Monday, September 28, 2020

Stalinist Terror in the 1930s Closely Resembled Lenin’s in 1920s, Boguslavsky Says

Paul Goble

            Staunton, September 27 – Many in Russia and the West believe that Lenin’s “red terror” was directed at real enemies of the Soviet regime, while Stalin’s was directed at imaginary ones and designed only to intimidate or boost the careers of those who carried out the Kremlin ruler’s orders.

            But, in fact, St. Petersburg historian Konstantin Boguslavsky says, the archives show that during the red terror in Crimea, the majority of those shot were not White officers but ordinary soldiers sympathetic to the Soviets and that many in the Cheka doing the shooting were animated not by ideology but by careerist motivations.

            Consequently, he suggests, there is a direct line between what the chekists did in 1920 and what they did in the late 1930s, when a majority of those executed were in fact innocent and many of those doing the executions were ordinary careerists (

            The historian says that “when there weren’t enough real ‘Whites,’ the chekists killed workers and peasants who sympathized with Soviet power.” They fulfilled the plan and boosted their own careers in the process, harming most seriously precisely those they claimed to be defending in both cases.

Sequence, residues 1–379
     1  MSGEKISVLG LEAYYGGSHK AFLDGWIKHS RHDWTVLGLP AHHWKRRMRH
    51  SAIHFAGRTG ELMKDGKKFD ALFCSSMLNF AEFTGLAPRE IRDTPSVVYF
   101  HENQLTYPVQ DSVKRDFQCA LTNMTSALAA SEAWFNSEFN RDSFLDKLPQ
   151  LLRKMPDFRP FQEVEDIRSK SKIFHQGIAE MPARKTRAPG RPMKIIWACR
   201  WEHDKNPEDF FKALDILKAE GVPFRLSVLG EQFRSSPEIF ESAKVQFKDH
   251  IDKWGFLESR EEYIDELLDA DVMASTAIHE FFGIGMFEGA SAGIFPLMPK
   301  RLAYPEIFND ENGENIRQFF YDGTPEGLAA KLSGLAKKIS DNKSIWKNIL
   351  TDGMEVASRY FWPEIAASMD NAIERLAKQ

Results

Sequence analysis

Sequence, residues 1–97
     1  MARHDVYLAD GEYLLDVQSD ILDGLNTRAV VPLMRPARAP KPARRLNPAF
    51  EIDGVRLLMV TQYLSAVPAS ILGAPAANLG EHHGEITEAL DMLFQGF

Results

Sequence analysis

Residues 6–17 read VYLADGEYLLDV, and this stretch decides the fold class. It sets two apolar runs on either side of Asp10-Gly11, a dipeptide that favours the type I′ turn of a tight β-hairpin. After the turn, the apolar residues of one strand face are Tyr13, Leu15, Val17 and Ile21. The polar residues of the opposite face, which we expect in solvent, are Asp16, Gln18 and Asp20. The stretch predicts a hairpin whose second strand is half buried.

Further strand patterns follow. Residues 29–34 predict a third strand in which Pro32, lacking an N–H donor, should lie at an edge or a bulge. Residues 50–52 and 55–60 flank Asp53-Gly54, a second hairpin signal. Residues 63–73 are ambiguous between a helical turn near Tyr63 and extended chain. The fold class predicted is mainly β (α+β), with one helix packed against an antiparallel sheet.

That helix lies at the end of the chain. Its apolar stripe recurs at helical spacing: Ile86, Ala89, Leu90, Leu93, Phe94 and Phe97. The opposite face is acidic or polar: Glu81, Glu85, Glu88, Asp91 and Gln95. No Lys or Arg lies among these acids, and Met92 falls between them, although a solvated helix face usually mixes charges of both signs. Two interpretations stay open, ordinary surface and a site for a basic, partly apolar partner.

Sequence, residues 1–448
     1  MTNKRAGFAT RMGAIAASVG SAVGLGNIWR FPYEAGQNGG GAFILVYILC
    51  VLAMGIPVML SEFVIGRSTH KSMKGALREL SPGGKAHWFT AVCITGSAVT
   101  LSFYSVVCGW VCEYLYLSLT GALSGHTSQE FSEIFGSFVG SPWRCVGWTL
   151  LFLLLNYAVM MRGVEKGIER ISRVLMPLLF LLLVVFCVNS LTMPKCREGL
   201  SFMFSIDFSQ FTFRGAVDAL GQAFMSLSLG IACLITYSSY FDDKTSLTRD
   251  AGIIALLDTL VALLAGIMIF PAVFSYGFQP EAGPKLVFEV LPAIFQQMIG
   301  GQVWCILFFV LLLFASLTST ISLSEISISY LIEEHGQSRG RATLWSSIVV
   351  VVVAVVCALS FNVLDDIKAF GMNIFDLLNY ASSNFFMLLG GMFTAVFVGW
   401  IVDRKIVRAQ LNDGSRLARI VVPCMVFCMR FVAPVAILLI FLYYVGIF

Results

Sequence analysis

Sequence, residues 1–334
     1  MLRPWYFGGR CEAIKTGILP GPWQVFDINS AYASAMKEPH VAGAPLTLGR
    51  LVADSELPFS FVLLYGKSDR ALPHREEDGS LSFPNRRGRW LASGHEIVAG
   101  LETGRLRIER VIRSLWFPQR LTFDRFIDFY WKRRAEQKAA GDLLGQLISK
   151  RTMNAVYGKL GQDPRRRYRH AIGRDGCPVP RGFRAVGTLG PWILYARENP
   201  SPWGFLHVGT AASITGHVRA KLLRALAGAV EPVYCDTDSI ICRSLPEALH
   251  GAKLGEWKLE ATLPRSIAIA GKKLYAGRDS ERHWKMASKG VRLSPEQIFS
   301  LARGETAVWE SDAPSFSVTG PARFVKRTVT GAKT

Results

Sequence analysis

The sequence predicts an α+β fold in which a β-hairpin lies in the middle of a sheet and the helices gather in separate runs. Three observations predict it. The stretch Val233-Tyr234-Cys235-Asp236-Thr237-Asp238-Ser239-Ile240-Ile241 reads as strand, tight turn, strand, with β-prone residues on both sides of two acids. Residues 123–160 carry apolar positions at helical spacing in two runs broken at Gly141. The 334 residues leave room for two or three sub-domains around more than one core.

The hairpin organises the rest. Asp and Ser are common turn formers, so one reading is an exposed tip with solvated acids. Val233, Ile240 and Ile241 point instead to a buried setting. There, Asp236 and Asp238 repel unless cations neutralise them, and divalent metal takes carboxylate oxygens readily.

Boguslavsky shows that Stalin and his Chekists were exactly what they claimed to be, the genuine “continuers of Lenin’s program,” a program that was evil and careerist at the outset rather than one that as some would have it initially gave great promise but was then perverted by Stalin.

            This is a real continuity in Russian history, albeit it is not one that Vladimir Putin with his obsession about “a single stream” of his nation’s past really wants to stress given that it represents just as much an attack on his favored Stalin as on Lenin who the current Kremlin ruler believes put in place the basis for the demise of the USSR in 1991.

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